If you want to learn how to trade forex, then you’ve probably heard the term “swap”, or “FX swap”.
But if you’re not 100% sure about it, this post is for you.
One of the hardest things to understand is the swap concept, as it’s a bit complex.
So in this post, I’m going to explain exactly what a swap is and why it’s so important for beginners.
It’s going to explain everything about this topic, including:
- What is a swap in forex trading
- How you can benefit from them
- How you can avoid them And some examples to help you understand.
This is one of the hidden costs when trading, so it’s important you understand this.
Let’s dive in.
What Is A Swap in Forex Trading?
A common question when beginners start out is:
What does swaps mean in trading?
Most people normally find out for the first time AFTER they see it applied to their fees and charges.
(Hopefully, that’s not you!)
So a swap in forex trading is the interest that you pay or receive for keeping an open trade overnight.
These swaps come in two forms:
Long swaps – these are used when you have an open position that you have bought (gone long) and kept overnight.
Short swaps – these are used when you have an open position that you have shorted (gone short) and kept overnight.
Swaps are applied every night, so the longer you keep a position open the more swap is paid or received.
The way fx swaps are presented are in pips per lot.
Most brokers will display the swaps of the currency pair on the asset’s charges page.
You can also see it in the trades summary when you view your charts.
The trades summary shows the number of pips swapped for each currency pair and it also shows how much was received or paid.
It is important to understand because it’s a stealth tax that many traders don’t even consider when holding a position overnight.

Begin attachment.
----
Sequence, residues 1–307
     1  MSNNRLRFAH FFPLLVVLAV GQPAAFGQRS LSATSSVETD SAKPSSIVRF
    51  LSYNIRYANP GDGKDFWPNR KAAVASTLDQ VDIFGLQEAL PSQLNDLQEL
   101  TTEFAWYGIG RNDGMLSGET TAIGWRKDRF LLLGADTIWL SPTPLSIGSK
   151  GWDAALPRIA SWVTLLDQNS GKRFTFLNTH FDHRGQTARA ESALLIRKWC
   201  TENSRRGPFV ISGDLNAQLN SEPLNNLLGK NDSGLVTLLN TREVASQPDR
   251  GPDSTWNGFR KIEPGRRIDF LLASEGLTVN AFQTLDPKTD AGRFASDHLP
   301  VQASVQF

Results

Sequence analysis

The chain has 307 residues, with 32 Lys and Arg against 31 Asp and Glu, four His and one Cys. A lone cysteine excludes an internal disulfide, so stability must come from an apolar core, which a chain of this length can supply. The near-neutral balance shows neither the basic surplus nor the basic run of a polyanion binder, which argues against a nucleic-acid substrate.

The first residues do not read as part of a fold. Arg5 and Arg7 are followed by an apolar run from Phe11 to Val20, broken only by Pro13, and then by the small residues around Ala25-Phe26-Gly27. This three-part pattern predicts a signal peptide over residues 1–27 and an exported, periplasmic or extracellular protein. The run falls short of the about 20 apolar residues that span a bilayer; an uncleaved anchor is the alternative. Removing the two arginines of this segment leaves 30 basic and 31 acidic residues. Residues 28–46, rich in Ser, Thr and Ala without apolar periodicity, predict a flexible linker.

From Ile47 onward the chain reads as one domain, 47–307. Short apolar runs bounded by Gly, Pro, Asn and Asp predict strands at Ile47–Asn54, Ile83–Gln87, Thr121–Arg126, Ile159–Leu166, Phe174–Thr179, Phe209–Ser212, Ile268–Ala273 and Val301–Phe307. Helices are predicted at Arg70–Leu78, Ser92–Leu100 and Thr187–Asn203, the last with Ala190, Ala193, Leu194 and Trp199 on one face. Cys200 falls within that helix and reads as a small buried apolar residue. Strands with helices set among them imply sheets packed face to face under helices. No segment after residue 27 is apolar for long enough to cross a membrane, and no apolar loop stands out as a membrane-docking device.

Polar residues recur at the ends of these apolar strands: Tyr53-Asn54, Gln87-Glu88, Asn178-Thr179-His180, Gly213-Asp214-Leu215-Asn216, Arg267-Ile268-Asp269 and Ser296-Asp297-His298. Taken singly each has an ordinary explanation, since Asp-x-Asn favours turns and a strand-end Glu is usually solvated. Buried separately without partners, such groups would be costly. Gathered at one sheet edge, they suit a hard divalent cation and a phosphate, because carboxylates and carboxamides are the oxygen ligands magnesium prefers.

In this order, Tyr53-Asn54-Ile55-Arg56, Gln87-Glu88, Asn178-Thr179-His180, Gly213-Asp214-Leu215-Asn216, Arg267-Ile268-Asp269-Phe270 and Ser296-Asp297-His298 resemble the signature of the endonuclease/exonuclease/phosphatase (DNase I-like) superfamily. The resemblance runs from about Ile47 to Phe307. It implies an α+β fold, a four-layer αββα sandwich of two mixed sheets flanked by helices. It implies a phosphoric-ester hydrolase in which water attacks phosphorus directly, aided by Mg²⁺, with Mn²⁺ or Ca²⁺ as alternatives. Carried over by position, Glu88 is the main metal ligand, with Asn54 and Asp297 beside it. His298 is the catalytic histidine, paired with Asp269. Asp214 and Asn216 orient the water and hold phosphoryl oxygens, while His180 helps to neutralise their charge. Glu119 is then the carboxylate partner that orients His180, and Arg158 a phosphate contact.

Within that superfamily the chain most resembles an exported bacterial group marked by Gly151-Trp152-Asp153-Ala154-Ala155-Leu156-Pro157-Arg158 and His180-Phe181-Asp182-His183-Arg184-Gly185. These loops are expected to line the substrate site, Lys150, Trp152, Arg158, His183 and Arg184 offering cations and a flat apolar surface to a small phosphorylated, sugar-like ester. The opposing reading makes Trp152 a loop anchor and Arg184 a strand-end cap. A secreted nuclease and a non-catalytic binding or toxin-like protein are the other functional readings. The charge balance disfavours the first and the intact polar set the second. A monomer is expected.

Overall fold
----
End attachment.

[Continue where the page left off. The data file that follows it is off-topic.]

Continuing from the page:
How do you benefit from swaps in forex?
As discussed, you can either pay or receive fx swap fees for holding an asset overnight.
Depending on whether you are long or short, you could receive the swap instead of paying it.
Now, this is beneficial if you are trading in the right direction & receiving the swap.
However, more often than not – receiving the swap makes little difference with your trading – it’s just a bonus.
With that being said, there is a type of strategy in forex that is like investing in stocks for dividend yields.
This is known as carry trading.
Carry trading is a strategy that is used to exploit the interest differentials between two currency pairs and pocket the swap fees.
It’s a complicated strategy that I will go into another post.
Make sure to be on the lookout for it.
So how do you benefit?
When you hold a position overnight, you pay an interest on the currency you are selling and receive interest on the currency you are holding.
Should the interest of the currency you hold receive higher interest than the currency you are selling, you will pocket the difference and this will also accumulate every evening you hold onto the position.
This is known as receiving a positive swap.
How do you avoid swap in forex?